2023 SEC Championship - Georgia v Alabama
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The College Football Playoff hopes for No. 8 Alabama are alive and well after the Crimson Tide upended No. 1 Georgia in the SEC Championship Game, sending a resounding statement to the CFP Selection Committee less than 24 hours before the four-team field is revealed on Sunday. It also leaves the committee potentially facing an unenviable scenario in which as many as three undefeated Power Five champions emerge with a trio of 12-1 teams -- Georgia, Alabama and No. 7 Texas -- fighting for the last spot. 

Right off the bat, history bodes well for Alabama, which has now won 11 straight games after dispatching the two-time reigning national champion Bulldogs in the SEC title game. Not only has the SEC champion never missed the playoff, but the conference has even fielded multiple teams on two occasions, with Alabama and Georgia both qualifying in 2017 and 2021. The Crimson Tide have also never been left out in back-to-back seasons, only falling short of the field in 2019 and 2022. 

Alas, it's not that simple for coach Nick Saban and Co. given other variables at play. Alabama was seven spots behind Georgia in the College Football Playoff Rankings entering Saturday, seemingly making it a tall ask to clear the Bulldogs even with the head-to-head victory in Atlanta. Another hurdle is that Texas, which served Alabama its lone loss of the season back in September, checked in a spot ahead of the Crimson Tide in the latest CFP Rankings before both teams won their respective conference championship games (Texas beat No. 18 Oklahoma State in the Big 12 Championship earlier on Saturday).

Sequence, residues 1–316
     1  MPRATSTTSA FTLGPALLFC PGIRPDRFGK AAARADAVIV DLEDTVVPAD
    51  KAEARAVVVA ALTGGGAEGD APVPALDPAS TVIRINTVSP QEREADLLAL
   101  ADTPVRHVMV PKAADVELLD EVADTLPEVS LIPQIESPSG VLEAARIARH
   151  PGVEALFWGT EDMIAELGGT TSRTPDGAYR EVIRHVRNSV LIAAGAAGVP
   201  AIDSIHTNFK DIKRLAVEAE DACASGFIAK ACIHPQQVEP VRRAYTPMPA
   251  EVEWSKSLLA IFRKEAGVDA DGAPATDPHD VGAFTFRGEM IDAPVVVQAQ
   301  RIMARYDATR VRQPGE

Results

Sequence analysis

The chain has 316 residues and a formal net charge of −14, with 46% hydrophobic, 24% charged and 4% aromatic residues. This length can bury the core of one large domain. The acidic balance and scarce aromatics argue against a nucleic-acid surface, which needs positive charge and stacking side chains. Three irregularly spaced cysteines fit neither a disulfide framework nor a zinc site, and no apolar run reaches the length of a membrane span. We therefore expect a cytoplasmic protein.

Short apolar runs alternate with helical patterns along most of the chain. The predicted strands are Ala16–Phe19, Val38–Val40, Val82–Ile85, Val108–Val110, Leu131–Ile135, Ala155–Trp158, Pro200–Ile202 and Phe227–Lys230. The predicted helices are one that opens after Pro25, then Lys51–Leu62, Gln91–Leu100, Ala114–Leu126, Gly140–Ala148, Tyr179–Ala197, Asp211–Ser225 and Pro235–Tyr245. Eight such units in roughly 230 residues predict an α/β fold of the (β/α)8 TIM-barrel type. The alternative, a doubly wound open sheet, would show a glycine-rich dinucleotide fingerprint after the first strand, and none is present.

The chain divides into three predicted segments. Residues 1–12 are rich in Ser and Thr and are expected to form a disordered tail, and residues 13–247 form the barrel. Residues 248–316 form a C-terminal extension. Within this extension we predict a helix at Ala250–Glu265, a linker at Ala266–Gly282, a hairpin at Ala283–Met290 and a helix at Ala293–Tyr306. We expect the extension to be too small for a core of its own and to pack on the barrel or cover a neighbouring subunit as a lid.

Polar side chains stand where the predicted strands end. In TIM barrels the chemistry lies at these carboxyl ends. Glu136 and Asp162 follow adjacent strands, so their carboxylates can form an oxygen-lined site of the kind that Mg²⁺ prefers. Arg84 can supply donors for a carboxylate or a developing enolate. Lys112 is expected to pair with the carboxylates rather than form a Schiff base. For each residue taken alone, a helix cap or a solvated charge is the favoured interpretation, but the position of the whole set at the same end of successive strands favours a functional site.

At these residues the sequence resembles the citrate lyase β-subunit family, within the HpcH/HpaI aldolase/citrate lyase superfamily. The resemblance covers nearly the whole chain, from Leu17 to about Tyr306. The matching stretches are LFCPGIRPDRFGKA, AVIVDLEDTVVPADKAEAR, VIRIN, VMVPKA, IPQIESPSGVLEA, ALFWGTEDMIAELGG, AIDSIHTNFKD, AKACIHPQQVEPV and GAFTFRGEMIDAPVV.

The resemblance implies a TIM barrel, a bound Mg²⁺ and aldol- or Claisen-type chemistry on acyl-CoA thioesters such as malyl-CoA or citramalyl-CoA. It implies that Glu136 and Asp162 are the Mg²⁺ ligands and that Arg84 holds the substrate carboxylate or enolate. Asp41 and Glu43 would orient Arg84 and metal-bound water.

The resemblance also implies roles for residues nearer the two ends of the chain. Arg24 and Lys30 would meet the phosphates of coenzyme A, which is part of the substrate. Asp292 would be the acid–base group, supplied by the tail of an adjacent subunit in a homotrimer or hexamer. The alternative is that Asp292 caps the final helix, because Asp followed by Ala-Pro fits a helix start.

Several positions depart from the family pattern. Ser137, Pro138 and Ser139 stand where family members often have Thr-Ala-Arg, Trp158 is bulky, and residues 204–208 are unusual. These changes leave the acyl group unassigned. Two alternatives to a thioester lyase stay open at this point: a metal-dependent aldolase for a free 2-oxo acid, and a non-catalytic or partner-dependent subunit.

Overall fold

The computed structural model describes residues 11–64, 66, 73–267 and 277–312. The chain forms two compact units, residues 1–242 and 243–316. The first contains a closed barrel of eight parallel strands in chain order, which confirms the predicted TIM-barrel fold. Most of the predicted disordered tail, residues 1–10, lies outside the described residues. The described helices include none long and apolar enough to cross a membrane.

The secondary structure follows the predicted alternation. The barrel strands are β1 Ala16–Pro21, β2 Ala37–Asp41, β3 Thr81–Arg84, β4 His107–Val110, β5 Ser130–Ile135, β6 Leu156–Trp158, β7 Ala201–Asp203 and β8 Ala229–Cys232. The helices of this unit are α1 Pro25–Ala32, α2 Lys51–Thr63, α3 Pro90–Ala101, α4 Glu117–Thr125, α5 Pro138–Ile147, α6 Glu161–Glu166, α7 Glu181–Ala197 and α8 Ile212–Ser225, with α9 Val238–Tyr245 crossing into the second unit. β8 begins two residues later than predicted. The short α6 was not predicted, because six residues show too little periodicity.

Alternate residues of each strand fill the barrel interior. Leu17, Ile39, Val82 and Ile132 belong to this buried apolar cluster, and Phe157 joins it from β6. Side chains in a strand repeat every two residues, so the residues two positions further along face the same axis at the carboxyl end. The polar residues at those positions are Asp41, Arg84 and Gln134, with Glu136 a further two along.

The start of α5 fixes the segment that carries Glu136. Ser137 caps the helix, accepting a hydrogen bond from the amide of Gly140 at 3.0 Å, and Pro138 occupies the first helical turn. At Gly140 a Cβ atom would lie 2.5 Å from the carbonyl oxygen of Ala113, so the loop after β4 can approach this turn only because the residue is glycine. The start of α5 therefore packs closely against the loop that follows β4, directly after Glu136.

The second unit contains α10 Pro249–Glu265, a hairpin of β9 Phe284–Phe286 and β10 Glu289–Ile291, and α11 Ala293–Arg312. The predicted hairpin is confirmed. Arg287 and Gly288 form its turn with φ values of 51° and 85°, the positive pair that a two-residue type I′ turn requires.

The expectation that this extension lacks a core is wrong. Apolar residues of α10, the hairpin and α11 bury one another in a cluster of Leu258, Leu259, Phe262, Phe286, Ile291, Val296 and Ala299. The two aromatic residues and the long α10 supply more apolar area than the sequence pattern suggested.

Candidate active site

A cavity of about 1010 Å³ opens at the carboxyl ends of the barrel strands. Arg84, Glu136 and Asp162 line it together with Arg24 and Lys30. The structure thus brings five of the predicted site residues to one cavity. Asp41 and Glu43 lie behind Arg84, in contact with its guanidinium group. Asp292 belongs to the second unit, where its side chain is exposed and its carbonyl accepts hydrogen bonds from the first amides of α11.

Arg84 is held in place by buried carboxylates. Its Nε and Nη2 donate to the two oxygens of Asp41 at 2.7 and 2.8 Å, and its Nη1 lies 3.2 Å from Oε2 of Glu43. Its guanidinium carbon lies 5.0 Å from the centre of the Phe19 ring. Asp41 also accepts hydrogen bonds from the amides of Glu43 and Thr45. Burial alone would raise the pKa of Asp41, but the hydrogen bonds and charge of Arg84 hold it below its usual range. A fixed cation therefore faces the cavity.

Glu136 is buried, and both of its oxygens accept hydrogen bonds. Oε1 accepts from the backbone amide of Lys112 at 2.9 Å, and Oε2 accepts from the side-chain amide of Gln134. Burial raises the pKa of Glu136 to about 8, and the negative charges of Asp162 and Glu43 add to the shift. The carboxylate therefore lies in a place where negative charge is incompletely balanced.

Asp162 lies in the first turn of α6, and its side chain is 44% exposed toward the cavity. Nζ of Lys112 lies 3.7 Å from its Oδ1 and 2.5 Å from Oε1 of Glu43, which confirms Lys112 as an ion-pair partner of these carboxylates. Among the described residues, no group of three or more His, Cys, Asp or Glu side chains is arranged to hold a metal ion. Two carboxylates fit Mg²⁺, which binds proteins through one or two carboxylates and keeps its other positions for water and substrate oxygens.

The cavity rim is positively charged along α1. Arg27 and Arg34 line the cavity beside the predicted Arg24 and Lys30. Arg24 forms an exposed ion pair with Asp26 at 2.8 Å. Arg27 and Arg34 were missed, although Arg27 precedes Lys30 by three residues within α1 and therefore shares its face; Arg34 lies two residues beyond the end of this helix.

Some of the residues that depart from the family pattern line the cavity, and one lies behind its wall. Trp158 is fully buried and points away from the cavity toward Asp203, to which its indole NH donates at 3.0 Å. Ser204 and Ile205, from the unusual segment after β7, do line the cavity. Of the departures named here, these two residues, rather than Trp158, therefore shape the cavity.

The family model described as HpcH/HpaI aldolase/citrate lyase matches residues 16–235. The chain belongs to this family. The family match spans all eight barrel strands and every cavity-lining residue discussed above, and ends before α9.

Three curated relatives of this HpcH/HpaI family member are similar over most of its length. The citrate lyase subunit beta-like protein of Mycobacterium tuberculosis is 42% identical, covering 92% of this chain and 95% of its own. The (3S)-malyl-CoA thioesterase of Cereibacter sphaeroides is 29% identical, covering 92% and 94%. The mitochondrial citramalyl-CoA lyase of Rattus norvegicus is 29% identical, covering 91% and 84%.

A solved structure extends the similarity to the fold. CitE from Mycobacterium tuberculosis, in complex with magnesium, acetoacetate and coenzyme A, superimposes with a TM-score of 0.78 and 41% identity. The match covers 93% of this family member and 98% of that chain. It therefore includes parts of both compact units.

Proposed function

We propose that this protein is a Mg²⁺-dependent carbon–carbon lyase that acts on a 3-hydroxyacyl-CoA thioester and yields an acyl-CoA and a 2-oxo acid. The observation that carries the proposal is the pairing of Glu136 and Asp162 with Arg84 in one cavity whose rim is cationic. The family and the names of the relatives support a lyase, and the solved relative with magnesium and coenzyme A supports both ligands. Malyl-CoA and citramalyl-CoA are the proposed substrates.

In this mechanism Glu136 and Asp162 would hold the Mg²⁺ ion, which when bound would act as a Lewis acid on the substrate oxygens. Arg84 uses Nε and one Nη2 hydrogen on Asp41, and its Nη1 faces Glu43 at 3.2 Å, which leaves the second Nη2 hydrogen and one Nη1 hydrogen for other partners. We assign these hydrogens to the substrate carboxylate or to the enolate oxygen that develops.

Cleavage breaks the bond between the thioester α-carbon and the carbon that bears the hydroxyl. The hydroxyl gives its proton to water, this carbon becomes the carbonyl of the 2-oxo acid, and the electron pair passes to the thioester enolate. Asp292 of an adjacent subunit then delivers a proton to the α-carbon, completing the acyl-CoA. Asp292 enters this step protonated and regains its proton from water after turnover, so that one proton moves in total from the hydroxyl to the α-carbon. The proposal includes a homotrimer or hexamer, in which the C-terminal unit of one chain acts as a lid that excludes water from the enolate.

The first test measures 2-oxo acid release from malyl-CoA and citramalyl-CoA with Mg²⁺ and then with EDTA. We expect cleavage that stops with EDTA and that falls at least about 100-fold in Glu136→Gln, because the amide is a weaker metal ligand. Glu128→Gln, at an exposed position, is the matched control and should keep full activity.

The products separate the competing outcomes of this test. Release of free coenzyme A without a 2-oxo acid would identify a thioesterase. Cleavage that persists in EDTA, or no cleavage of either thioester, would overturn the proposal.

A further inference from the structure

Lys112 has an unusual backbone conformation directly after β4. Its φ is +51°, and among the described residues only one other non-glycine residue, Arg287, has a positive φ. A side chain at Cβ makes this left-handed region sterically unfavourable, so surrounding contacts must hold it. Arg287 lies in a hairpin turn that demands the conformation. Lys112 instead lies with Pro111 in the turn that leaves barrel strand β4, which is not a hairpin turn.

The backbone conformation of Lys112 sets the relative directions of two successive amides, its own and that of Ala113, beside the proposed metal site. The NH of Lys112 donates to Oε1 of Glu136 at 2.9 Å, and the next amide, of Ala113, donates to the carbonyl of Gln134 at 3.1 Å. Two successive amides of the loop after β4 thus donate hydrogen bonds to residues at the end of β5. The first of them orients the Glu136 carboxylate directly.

Alabama still has additional factors working in its favor to potentially overcome those roadblocks, however. Key to the Crimson Tide's chances is that the College Football Playoff explicitly states that head-to-head results and championships are weighted in the selection process. That would give Alabama priority over Georgia, even with the rankings gap, as the Crimson Tide can claim both head-to-head and the SEC title over the Bulldogs.

As for the Alabama-Texas conundrum, the Crimson Tide lack head-to-head and both can have conference titles on their resumes. That's where strength of schedule, also explicitly listed as selection criteria by the College Football Playoff, could bail Alabama out if it comes down to those two schools for a final spot. It depends how the committee defines such criteria. As of Saturday's games, the Crimson Tide had four victories against teams currently among those in the College Football Playoff Rankings (Georgia, LSU, Ole Miss, Tennessee) as opposed to three for the Longhorns (Alabama, Oklahoma State, Kansas State). 

Should Michigan or Florida State lose their respective conference championship games Saturday night, eliminating another undefeated team (or two) from the picture, the path conceivably becomes a bit clearer for the Crimson Tide. And while it would be unprecedented, there is also nothing that is stopping the committee from leaving an undefeated team out if it determines that it fails to pass the eye test. FSU is perhaps the most vulnerable in that regard given that it is narrowly in the field at No. 4. 

In the end, there is no exact science to predict the rankings given the subjective nature, only the opinions of those watching the games from the committee headquarters in Grapevine, Texas, matter in the end. In the meantime, all Alabama can do is pitch its case, which, successful or not, has merit.